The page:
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Dear Science, Where Does This Lead?

Let's face it .  Beer is a commodity.  Throughout the history of brewing, the content and character of beer has been influenced by the costs of ingredients, brewing processes, and direct or indirect costs associated with batch inconsistencies.  Even though 21st century propserity allows the resurection of higher cost/higher flavor brewing.  It's silly to think that the embrace of brewing tradition will always ignore the tradition of embracing sciencentific advance to improve brewing economics or beer character.  

In fact, scientific advance is clearly needed to improve the economics of organic hop growing.  There's a growing market for organic beers as craft drinkers like their occasionally unique character, and this type of farming's sustainability.  However, Hops are a challenging crop.  Just ask any north eastern hop grower.  If you can find one.  Growers have long suffered from blight, and weather which has encouraged farmers to listen to Horace Greely and "Go West, young man". 

Farming hop heaven in the Yakima valley, or Žatec, is no guarantee  As sexed perennials, often grown from root cuttings, humulus lupus plants tend to lack genetic diversity.  They are more inbred than any crazy royal or country bumpkin.  Hop fields are practically armies clones.  If one plant gets sick there's a good chance that its neighbors will be equally susceptible.   Hops are sickly.  However, like any rapid grower, they are hungry and thirsty.  There's a great opportunity for science to improve fertilization techniques and balance the nitrogen replenishment provided by ground cover without competing with the thirsty hop.  Craft beer drinkers can expect to see near term benefits from this research.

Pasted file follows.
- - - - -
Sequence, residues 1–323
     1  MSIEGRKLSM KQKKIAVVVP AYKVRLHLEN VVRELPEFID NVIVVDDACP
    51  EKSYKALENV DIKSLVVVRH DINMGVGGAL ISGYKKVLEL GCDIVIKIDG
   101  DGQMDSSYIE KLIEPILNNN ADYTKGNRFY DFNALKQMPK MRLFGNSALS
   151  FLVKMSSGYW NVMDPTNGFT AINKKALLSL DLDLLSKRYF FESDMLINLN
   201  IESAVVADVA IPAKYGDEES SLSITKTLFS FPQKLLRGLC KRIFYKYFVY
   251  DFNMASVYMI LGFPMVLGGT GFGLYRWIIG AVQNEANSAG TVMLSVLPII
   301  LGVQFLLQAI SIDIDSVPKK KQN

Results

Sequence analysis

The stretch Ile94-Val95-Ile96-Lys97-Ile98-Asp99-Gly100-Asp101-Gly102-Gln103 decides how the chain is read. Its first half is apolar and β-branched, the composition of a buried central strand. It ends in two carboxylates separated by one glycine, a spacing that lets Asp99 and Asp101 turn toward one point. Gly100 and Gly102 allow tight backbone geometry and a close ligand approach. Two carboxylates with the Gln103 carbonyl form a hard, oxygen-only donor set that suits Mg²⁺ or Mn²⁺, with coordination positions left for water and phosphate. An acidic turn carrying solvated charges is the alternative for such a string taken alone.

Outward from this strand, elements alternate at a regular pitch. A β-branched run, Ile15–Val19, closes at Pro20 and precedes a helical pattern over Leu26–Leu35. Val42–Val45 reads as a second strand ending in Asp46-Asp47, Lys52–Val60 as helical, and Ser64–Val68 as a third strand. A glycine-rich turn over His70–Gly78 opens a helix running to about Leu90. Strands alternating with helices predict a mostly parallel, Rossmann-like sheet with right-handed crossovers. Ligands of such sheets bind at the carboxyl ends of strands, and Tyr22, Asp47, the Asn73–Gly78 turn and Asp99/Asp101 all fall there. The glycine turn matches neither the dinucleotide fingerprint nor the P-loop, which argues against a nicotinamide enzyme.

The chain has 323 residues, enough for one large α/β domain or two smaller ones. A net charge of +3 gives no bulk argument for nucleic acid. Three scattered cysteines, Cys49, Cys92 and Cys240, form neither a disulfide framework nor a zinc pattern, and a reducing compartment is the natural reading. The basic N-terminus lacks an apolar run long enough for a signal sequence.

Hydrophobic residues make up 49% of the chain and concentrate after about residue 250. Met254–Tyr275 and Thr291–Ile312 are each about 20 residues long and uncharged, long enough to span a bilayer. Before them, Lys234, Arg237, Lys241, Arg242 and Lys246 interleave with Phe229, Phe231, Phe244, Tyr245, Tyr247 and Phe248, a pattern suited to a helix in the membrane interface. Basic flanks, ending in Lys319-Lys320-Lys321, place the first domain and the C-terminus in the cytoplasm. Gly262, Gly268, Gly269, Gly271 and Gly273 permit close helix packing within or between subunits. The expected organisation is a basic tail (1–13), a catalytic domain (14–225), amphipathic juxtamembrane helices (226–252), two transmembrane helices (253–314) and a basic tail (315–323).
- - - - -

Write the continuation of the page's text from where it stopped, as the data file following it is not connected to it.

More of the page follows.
Those with a longer view, may start looking at brewers chasing the holy grail of process economics continuous production.  Beer is brewed and it sits in one or more tanks for weeks or months of fermentation and conditioning.   This same stodgy old-fashioned batch process is used today by home brewers and commercial giants, alike.   Just imagine a process where grain goes in, and beer comes out at the same rate.  In brewing there's really two pieces to this puzzle:  continuous fermentation, and continuous wort production.

Continuous fermentation is real.  Its used today Dominion Breweries, and was after a fashion done by Bass in the 50s.  The process can be improved by immobilizing yeast cells on some sort of substrate ginger, wax, whatever.  Since alcohol is lower density than the sugar liquid feed, it self separates.  A fgascinating application of continuous fermentation is to make mead making a viable, low capital, enterprise in sub-Saharan Africa..  The same techniques have been co-opted by Maine Meadworks, and presumably others to generate quite respectable craft mead.    This could even been done with multi-cellular mega-yeasts.  Recent studies of nature's microbrewers have shown that the traits related to flocculation and settling are linked to mutations that promote evolution into multicellular organisms.  The trade-off with continuous systems is that they are great at making one flavor, but can be very challenging to changeover to another.    

The tricky part of continuous brewing is continuous mashing.  There's a of biochemistry in this short step.  Starches are extracted from crushed grain.  The starches are then broken into fermentable sugars by various enzymes.  Different amylase enzymes break the starches in different ways, at different temperatures.  Brewers control their mash to balance the alcohol content, body, and even head retention of their finished beer.   In some nightmarish scenario from a chemical engineering textbook, continuous mashing could use a series of vessels each.  Plug flow through heated tubes, or a similarly temperatures controlled auger/extruder could also work.

Is continuous brewing scary?  Yeah.  But it's probably key to getting brewing in space.  If science promises anything for our future it is beer from space.


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